Jones has pledged on his Facebook page to give free entries and gas cards to Florida participants to his upcoming Georgia race, tentatively scheduled for May 26, though he says he could push it back to make sure he gets everything right.

Barrels and steeplechase

“Next time, I’ll have it set up two weeks in advance and will let anyone who wants to see it beforehand,” Jones says. “It made me sick to my stomach to see what happened today and I know you don’t always get a second chance. The last thing you want to do is lead people on and not live up to the hype. I know I let 96 people down and I’m determined to give them the ultimate obstacle experience next time.”

Here’s hoping it works, though athletes show little patience for subpar obstacle races, which as a group charge big money when compared to half-marathons and triathlons.

Last year the Iron Crusader debuted in Fort Meade but will not be back. The Champions Mud Bash canceled a proposed second race and does not have one scheduled for 2012. The Florida Dirty Duo, which debuted in 2006, canceled its race last year. This year, Muddy Buddy pulled its two races out of Florida, though it would have returned to Disney’s Wide World of Sports had Disney not banned outside promoters from putting on endurance events there.

Rock on Adventures (Highlander) and Savage Race have built some traction in the last year. But we’re not seeing any other Florida-based obstacle race promoters with staying power just yet.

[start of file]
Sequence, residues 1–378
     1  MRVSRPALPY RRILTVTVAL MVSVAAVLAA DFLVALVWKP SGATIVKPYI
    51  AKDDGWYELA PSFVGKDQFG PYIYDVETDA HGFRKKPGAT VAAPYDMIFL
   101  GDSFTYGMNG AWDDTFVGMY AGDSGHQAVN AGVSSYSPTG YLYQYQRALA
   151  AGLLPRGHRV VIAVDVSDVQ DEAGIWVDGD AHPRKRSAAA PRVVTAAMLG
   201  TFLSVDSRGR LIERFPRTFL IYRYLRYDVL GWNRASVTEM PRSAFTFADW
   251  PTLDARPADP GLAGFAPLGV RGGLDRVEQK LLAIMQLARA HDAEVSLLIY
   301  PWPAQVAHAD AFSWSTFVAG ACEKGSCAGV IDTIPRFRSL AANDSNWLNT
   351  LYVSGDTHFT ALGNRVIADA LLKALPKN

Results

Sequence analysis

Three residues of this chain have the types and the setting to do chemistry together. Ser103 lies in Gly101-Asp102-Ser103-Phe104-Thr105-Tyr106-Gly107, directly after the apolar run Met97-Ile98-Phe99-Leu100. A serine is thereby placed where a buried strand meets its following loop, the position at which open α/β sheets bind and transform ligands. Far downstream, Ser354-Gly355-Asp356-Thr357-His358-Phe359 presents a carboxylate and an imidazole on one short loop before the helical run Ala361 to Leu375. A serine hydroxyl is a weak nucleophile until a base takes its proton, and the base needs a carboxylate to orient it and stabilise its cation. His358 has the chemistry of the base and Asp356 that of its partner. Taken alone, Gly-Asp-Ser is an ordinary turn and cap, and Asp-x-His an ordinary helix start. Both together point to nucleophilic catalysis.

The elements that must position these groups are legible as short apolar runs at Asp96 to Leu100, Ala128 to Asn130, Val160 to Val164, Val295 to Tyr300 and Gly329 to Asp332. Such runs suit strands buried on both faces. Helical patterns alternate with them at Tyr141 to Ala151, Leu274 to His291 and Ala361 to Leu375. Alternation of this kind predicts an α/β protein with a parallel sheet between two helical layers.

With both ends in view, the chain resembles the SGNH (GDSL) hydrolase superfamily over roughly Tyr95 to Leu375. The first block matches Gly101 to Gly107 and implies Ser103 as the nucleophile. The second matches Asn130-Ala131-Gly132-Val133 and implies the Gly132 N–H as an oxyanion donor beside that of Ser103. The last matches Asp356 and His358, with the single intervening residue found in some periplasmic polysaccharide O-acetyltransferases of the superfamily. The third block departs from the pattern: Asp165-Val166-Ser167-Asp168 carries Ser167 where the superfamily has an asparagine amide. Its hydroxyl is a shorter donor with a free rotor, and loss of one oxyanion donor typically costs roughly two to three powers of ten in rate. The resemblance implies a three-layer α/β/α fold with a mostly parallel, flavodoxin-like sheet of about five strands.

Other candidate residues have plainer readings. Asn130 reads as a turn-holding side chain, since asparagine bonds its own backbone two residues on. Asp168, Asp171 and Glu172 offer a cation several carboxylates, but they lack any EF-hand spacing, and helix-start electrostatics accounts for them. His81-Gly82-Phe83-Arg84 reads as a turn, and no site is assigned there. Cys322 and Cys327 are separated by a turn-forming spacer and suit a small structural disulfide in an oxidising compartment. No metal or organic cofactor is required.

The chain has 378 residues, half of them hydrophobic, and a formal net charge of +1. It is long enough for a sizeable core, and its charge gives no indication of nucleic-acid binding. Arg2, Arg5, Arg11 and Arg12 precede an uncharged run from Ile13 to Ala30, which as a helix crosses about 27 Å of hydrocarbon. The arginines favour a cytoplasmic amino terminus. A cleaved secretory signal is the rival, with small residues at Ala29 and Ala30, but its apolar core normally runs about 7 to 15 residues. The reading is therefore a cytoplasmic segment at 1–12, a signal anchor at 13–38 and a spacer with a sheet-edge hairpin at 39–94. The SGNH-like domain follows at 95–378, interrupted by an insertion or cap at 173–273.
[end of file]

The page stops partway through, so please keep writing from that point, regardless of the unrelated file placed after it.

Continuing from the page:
Maybe one will get a shot at using the Florida Horse Park, a well-manicured, 500-acre slice of Old Florida ideal for obstacle racing, though it’s tough to imagine it wanting to host another event after today. One thing Jones and the facilities manager seemed to agree on is that park officials aren’t too excited to host obstacle racing.

Still, it’s listed as the site for Hero Rush, a firefighter-themed obstacle race series, on Nov. 3.

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Obstacle Course Training

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Savage Race Gets “Tougher”

By Pete Williams

Tackling the Savage Race

Sam Abbitt received plenty of positive feeback from his initial Savage Race, the 4.2-mile obstacle mud run he staged in Clermont last August. But he says he believes in borrowing some of the more popular elements of other races to improve his own.

That’s why the second edition of the Savage Race, which takes place at the same Clermont facility on March 10, will include an ice plunge very similar to Tough Mudder’s “Chernobyl Jacuzzi,” where athletes must wade through a dumpster of ice water, immersing themselves completely at one point.

The Savage Race is one of the few mud runs to have a significant swimming obstacle. The 150-yard challenge is back. Non-swimmers and those who don’t wish to swim can take a pass, but must do 30 Burpees and add 10 minutes to their time. The Savage Race will have a total of 20 obstacles, up from about 14 last year. There will be a “super waterslide,” along with a few surprise challenges.